America faces a two-part problem. It’s no secret that the country has fallen behind on infrastructure spending. But it’s not just a matter of how much is spent on catching up, but how and where it is spent. Advanced economies in Western Europe and Asia are reorienting themselves around robust urban clusters of advanced industry. Unfortunately, American policy making remains wedded to an antiquated political structure of 50 distinct states.
To an extent, America is already headed toward a metropolis-first arrangement. The states aren’t about to go away, but economically and socially, the country is drifting toward looser metropolitan and regional formations, anchored by the great cities and urban archipelagos that already lead global economic circuits.
|Sources: Joel Kotkin (boundaries and names of 7 mega-regions); Forbes Magazine; Regional Plan Association; Census Bureau; United States High Speed Rail Association; Clare Trainor/University of Wisconsin-Madison Cartography Laboratory.|
The map, and the article, echo thinking about the regional sub-nations of the country that we've contemplated previously, in different settings.
How, though, put together the regional corridors, let alone a national Passenger Rail network, when the regional interests are so different? Much of the rail infrastructure is already in place in the Great Northeast. We have documented the emergence of a proper regional rail network centered around Chicago. But passengers had more choices in the void spaces west of the Hudson and east of Lake Michigan in the days of Penn Central. There's untapped potential in the Southeast, and a lot of work to do along the Gulf Coast. The Great Plains and the Inland West ... doesn't matter whether these are fifteen states or two regions, their transportation interests are so different from the thickly settled bits east and west. On the Pacific Coast, there are decent regional networks in Cascadia and both bits of California, but a lot of void space inbetween.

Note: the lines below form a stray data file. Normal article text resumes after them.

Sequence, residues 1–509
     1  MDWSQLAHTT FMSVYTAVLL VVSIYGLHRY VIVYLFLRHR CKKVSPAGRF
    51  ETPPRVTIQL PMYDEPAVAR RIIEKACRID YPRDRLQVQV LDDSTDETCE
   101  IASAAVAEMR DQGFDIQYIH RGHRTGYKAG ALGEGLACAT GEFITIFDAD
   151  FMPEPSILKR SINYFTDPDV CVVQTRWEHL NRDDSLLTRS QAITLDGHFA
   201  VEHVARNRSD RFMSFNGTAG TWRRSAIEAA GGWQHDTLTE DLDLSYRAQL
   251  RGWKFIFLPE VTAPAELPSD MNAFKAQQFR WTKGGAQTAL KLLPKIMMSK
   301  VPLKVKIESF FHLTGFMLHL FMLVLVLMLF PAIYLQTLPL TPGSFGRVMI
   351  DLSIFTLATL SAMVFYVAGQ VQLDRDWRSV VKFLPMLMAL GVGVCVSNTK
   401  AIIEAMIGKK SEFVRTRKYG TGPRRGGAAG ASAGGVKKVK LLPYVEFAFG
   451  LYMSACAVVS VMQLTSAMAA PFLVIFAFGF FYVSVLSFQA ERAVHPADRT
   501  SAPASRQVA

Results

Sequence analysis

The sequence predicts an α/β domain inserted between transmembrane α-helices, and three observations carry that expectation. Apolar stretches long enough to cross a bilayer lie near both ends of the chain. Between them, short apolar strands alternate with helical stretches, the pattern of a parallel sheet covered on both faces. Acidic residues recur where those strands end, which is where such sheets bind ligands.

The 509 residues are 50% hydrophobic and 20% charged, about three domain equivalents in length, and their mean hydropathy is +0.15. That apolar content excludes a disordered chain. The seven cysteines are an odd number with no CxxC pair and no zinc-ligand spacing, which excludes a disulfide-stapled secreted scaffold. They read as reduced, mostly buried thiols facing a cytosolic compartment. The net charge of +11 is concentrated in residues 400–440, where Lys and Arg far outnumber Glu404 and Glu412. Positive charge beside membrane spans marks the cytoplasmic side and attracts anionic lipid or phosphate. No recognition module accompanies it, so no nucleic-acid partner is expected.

What is needed, in some ways, is a return to this more flexible, broader way of thinking. Already, efforts to coordinate metropolitan and regional planning and investment are underway, whether they are quasi-government entities like the Western High Speed Rail Alliance, which aims to link Phoenix, Denver and Salt Lake City with next-generation trains, or industry-driven groups like CG/LA Inc., which promotes public-private investment in a new national infrastructure blueprint. Ironically, even some states are warming to the idea: Regional cooperation and planning is a top item at the National Governors Association.If "pro" is the opposite of "con," what is the opposite of "progress?"
These are the groups that are pushing America deeper into the global economy by rethinking how the national economy functions. But they have to go it alone, because Congress still thinks in terms of states. America needs a new map.
Perhaps the error in the National Corridors essay is in thinking only of transportation policy and infrastructure in terms of nationally funded internal improvements. There's no money and little national enthusiasm for such things already. Perhaps it's time to give emergence a try.
We don’t have to create these regions; they already exist, on two levels. First, there are now seven distinct super-regions, defined by common economics and demographics, like the Pacific Coast and the Great Lakes. Within these, in addition to America’s main metro hubs, we find new urban archipelagos, including the Arizona Sun Corridor, from Phoenix to Tucson; the Front Range, from Salt Lake City to Denver to Albuquerque; the Cascadia belt, from Vancouver to Seattle; and the Piedmont Atlantic cluster, from Atlanta to Charlotte, N.C.Yes, and perhaps the way in which Congress has sent responsibility for much of Amtrak funding back to the states is the opportunity for the states to embark on local improvements to their trains. We already see Cascadia trying a different approach from Northern California which is different from Maine.